Mineralogy contended that it would be harm in various ways including:

  1. the failure to grant the mandatory injunction in the sum of US$48 million will detrimentally affect its ability to pay legal costs associated with this action and five other actions (which legal costs were estimated to be $10.75 million over the next 12 months). Accordingly, it said that its right to pursue those legal proceedings was prejudiced.
  2. A refusal to grant the injunction sought will jeopardise the jobs of 14 of its staff.

In relation to the alleged detriment that will be caused to Mineralogy if the injunction was refused, the evidence was that Mineralogy had met with executives of 'the big four Australian banks' in September and October 2015 and was told that its assets in the form of mineral deposits (valued at A$78 million at 30 June 2015) would not be adequate security for borrowings.  However, the court noted that there was no of evidence as to the possibility of Mineralogy raising funds or financing its obligations by alternate means such as “assets sales; equity finance; farm outs or joint venture arrangements”. In the circumstances, the court was  “left with the impression that Mineralogy has overstated its inability to fund its activities”.

Amongst the third parties which Mineralogy claimed would suffer if the injunction was not granted was Queensland Nickel Pty Ltd (QN) together with the people of Townsville. QN operates a nickel refinery near Townsville, Queensland and was said to be the town's largest private employer. QN has, in the past, relied on Mineralogy for loans when required.  Mineralogy claimed that the price of nickel has dropped substantially in recent times, as a consequence of which QN is experiencing a liquidity crisis. Mineralogy further claimed that QN urgently requires a cash injection of $28 million to avoid the closure of its refinery, job losses for up to 767 employees and to avoid being placed into administration.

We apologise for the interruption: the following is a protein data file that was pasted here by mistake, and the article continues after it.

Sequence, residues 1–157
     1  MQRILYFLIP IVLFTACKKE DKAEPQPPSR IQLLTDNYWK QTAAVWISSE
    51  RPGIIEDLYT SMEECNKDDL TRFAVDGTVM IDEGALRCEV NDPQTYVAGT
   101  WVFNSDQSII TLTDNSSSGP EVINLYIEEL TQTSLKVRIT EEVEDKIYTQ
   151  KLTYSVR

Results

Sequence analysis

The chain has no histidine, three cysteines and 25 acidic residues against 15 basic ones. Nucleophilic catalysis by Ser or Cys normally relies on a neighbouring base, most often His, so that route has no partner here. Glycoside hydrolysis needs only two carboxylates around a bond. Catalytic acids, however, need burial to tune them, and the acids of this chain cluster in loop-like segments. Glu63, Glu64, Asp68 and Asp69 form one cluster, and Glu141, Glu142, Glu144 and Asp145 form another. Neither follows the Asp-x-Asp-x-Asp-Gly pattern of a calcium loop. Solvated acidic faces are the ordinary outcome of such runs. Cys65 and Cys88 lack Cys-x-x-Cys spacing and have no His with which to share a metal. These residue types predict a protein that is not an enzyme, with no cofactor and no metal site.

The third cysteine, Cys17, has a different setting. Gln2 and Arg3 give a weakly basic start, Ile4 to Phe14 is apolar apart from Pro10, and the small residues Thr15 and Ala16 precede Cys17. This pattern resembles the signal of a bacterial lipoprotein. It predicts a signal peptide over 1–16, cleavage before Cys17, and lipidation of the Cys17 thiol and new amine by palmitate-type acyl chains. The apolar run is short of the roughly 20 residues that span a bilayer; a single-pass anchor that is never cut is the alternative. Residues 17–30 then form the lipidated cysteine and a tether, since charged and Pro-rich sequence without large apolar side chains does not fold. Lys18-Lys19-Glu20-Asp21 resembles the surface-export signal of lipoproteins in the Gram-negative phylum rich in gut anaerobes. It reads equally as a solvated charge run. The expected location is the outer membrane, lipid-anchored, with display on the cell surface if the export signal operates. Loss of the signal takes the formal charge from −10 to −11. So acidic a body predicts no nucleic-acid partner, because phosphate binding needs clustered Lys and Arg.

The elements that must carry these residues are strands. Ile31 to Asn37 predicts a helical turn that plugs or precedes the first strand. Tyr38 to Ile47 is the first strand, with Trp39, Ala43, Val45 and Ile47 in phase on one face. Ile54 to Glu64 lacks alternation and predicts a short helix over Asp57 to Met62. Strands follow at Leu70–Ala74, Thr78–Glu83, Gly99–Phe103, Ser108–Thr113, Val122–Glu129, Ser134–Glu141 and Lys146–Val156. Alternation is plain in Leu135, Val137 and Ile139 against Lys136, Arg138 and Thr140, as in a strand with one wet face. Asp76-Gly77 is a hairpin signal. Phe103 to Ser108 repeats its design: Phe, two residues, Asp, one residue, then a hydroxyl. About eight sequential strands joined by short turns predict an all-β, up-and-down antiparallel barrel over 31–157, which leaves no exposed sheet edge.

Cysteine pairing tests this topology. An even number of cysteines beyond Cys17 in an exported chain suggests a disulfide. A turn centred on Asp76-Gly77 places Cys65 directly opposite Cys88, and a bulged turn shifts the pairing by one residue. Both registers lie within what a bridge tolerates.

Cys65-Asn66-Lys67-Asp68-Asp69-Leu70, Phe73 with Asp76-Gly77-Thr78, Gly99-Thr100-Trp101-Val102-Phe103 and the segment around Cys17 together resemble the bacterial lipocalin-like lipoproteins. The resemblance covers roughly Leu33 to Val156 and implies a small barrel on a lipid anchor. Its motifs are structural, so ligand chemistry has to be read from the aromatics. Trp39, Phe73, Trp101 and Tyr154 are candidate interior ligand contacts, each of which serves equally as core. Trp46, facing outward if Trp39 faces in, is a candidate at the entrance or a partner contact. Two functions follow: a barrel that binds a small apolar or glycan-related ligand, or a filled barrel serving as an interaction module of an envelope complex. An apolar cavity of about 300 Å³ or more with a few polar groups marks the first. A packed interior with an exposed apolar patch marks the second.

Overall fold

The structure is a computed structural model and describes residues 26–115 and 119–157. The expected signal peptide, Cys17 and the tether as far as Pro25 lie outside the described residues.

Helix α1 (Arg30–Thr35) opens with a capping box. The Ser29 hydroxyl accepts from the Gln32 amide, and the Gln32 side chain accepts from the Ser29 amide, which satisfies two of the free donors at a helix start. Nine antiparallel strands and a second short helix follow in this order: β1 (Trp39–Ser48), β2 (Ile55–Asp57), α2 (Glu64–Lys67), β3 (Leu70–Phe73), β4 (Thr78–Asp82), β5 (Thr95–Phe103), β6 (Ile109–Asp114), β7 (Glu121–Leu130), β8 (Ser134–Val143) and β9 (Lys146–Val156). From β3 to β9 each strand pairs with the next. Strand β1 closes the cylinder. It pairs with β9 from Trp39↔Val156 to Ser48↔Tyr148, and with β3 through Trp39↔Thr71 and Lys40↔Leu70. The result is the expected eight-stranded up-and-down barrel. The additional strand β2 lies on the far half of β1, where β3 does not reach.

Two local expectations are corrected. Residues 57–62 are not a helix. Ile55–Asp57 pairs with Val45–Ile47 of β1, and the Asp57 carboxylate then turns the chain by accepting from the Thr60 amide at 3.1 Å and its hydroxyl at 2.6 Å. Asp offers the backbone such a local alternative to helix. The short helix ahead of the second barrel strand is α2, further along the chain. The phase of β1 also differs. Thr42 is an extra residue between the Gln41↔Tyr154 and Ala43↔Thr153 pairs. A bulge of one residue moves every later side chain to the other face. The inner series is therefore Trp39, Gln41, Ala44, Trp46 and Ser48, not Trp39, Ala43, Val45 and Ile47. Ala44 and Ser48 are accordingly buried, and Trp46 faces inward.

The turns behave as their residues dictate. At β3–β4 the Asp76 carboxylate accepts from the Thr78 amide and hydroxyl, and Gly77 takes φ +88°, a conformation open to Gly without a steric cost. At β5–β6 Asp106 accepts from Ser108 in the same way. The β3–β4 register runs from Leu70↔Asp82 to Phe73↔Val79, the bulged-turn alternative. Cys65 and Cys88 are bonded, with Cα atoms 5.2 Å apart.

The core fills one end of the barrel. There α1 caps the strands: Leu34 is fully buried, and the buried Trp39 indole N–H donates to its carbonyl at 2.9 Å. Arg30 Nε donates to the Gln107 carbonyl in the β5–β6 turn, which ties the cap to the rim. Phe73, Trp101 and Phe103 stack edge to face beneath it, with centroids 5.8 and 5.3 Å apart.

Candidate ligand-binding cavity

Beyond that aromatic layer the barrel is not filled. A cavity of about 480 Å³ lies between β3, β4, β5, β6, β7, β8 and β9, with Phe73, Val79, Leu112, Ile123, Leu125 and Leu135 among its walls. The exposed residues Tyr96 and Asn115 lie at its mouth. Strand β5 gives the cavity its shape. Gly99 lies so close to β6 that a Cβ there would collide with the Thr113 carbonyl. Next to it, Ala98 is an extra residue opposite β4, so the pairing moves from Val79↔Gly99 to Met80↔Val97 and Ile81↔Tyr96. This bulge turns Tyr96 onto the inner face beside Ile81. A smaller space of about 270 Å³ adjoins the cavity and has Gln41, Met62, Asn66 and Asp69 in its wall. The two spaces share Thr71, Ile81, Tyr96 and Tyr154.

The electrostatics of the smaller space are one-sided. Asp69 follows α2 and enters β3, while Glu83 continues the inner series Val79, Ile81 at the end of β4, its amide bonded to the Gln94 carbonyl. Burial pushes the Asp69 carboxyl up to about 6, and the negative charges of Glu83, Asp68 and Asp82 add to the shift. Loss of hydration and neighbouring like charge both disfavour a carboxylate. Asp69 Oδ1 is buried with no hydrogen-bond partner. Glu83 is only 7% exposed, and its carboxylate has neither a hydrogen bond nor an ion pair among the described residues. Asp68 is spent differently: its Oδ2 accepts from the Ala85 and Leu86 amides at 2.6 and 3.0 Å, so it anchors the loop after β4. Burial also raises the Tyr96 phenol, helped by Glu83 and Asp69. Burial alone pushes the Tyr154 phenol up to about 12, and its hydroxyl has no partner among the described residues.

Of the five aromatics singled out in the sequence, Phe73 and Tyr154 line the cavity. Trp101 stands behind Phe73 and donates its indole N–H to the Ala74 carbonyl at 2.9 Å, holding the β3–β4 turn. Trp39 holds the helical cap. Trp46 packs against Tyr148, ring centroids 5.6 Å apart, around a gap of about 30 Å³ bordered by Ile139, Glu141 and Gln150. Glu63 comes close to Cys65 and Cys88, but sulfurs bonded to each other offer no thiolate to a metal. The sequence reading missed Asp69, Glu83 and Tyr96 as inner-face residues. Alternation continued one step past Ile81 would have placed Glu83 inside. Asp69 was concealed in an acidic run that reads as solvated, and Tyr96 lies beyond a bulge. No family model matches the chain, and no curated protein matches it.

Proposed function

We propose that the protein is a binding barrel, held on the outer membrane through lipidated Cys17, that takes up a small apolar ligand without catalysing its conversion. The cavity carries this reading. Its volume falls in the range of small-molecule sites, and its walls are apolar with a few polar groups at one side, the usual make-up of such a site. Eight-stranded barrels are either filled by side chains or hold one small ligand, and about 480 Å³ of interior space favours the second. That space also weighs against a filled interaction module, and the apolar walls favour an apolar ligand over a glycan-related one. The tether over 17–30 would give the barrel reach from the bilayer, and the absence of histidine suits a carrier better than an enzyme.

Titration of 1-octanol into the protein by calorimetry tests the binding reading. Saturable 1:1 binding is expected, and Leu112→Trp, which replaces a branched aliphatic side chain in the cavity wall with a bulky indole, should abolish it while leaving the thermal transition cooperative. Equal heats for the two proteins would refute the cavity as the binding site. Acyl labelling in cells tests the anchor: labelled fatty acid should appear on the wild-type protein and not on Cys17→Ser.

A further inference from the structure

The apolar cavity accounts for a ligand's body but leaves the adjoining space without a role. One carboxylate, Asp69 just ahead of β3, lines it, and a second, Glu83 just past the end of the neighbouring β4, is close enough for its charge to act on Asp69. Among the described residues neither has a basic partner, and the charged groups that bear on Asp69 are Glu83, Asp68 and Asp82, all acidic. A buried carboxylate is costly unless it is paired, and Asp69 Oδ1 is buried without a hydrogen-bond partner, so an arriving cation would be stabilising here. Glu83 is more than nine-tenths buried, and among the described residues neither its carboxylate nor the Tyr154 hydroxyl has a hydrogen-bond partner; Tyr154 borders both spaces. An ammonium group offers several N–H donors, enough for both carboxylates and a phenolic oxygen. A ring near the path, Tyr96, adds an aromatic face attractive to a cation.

In relation to the alleged detriment that will be caused to QN and the community of Townsville generally if the injunction was refused, the court observed:

  • No evidence had been given about attempts to source finance other than from major retail banks or to rationalize QN’s operations otherwise than by closing the refinery and terminating the employment of its entire workforce.
  • No evidence had been given of QN discussing with an appropriately qualified insolvency practitioner the wisdom of taking the extraordinary step of terminating the employment of all employees of QN before putting the company into administration. The court expected that such a decision “would be made in conjunction with the prospective administrator”.
  • In the circumstances, the court was prepared to accept “that there is a risk that QN may be placed into administration, but … (not) that the dire consequences outlined … will flow from QN being placed into administration”.

Ultimately the court concluded that the injunction should not be granted for the main reason “there is no basis in principle upon which a court can order that a payment be made to a plaintiff in respect of a claim for damages before the claim is determined”. In addition, the court considered that the potential harm relied upon by Mineralogy did not tip the balance of convenience/injustice in its favour.


  • Obtaining a mandatory injunction which in effect compels payment of damages in advance of a trial will be a very substantial, if not an impossible obstacle. Such was the nature of the relief sought by Mineralogy in the present case, which the court characterised as “highly unusual”.
  • Where an applicant for an injunction claims:
  1. that an award of damages at the conclusion of the trial will not be an adequate remedy because dire consequences may flow to the applicant and to third parties if injunctive relief is not granted; or 
  2. that the applicant has pursued and exhausted all alternate means of raising funds or financing its obligations,

a court will consider very carefully the cogency of such claims and the evidence in support.

[Postscript: on 15 January 2016, QN confirmed that it will lay off 237 workers and on 18 January 2016, the company went into voluntary administration.]